7 Ways To Add Probiotics To Your Diet

Probiotics are our natural allies. While humans evolved to get nutrition from certain foods, the microorganisms in our digestive tracts evolved right along with us. They help produce vitamins, break down macronutrients, and even have a beneficial impact on our moods, immune systems, and inflammation. By taking up space and food needed by pathogenic bacteria, they also help protect us against gastrointestinal illnesses.

If you follow an average American diet, though, it isn’t always easy to keep these tiny creatures healthy and in balance. If you take antibiotics, many of them may die. Probiotics can help seed your digestive tract with helpful bacteria, but probiotic supplements are expensive and often not as helpful as they claim. It’s much better to get fresh, live probiotics from the foods that you eat, which is a lot easier than it sounds. Here are seven easy ways to pack more probiotics into your meals:

1. Switch to fermented dairy products.

Fresh milk and cream don’t have a long shelf-life. Fermentation was the traditional way to preserve dairy, turning it into foods like cheese, yogurt, and sour cream. Unfortunately, not all dairy on the market still uses these traditional processes. A lot of sour cream brands on the market, for example, use cream, acidifying agents, and thickeners instead of fermentation.

If you love dairy, make sure that you’re purchasing products that are made with live and active cultures. They should specify the species of beneficial bacteria on their ingredient lists. Skip any that don’t say that their bacteria are live and active.

Can’t find fermented sour cream? Try swapping Greek yogurt in instead. Just mix a bit of lemon or lime juice with the yogurt to get the same tanginess.

2. Use raw vinegar.

Vinegar is traditionally a fermented food that’s chock-full of benefits. While the jury is still out on whether it’s a good source of probiotics, raw vinegars do offer beneficial bacteria and digestive benefits.

The trick with raw vinegar is to look for vinegars that contain the “mother.” This is a cloudy or stringy substance that consists of yeasts, beneficial bacteria, and micronutrients. You’ll most often see it collected at the bottom of bottles of vinegar.

Use raw vinegar the same way that you’d use any other vinegar. Combine it with heart-healthy oils (like olive or avocado), minced garlic, and herbs to make a homemade salad dressing.

3. Make your own kombucha.

Kombucha has gotten a lot of hype as a probiotic powerhouse, but bottles of the good stuff can be pretty pricey. Fortunately, it’s easy to make your own. All you need is some tea, sugar, and a kombucha starter culture. You can purchase a starter culture from health food stores or online, but you can probably also get some for free if you’re fortunate enough to know someone who makes their own kombucha. (It tends to multiply faster than you can use it!)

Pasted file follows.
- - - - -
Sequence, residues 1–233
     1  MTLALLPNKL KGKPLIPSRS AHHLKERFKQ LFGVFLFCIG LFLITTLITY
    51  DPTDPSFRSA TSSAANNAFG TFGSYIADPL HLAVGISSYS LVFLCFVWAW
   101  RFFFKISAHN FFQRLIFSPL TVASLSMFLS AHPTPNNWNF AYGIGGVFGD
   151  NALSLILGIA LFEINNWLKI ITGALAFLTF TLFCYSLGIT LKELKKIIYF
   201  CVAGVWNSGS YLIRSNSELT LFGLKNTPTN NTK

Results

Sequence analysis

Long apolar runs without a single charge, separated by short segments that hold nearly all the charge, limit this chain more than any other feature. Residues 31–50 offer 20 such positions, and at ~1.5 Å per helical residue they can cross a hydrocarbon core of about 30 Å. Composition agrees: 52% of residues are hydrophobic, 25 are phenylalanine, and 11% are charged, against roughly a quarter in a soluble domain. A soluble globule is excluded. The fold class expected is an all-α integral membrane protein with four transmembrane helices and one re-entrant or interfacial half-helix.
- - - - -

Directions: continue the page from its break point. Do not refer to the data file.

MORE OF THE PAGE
If you like, you can also allow your kombucha to over-ferment until it’s very sour. This makes a great substitute for vinegar or lemon juice in recipes.

4. Try water or milk kefir.

If kombucha isn’t your speed, you may want to try water kefir. This is a probiotic beverage made from a similar combination of beneficial bacteria and yeast. Instead of being a rubbery beige “pancake” like kombucha, kefir starter looks like loose, jelly-like granules.

Depending on whether you’re working with water or milk kefir, you’ll add these to either sugar water or milk. Allow it to ferment for a few days, strain out the starter grains, and enjoy!

5. Look for fermented pickles.

As with dairy, fermentation is a traditional method of preserving pickles. Not all brands of pickles are fermented, so you’ll have to pay attention to ingredient labels. Avoid pickles that have been pasteurized, as this will kill off the probiotic bacteria. Look for pickles that have “raw” and “barrel fermented” on the label. Snack on them as-is, add them to sauces, or use them to add crunch and tanginess to sandwiches.

6. Enjoy other fermented vegetables.

Sauerkraut is fermented cabbage, and traditionally accompanies German foods. It’s easy to find in your average grocery store, and almost as easy to make at home.

Kimchi is a Korean dish made of cabbage, radish, and other vegetables, mixed with salt and spices, and allowed to ferment. It’s a spicy, salty, slightly sweet dish with a strong flavor. It’s a little more complicated to make than sauerkraut, but very tasty and well worth the effort.

Both sauerkraut and kimchi can add a delicious, unexpected twist to traditional meals and snacks. Try them as a condiment on sandwiches, or an accompaniment to a main course.

7. Choose the right yogurt.

Yogurt is probably the first food most people think of when they hear the word “probiotic,” but not all yogurts are the same. Avoid brands that contain artificial flavors, extra sugar, coloring agents, or thickeners, and look for ones that offer a wide variety of different beneficial bacteria.

Eat yogurt either plain or with fruit or cereal. You can also use it to substitute for heavy cream or sour cream in other recipes. Avoid heating it too much, since this can kill off the probiotic microorganisms.

If you want to improve your gut health with probiotics, it’s as easy as choosing the right foods. Stick to fermented vegetables like traditional pickles, sauerkraut, or kimchi, fermented dairy, raw vinegar, and beverages like kombucha, water kefir, or milk kefir. Consume a variety of these as part of a high-fiber diet, and you’ll be on your way to healthy digestion.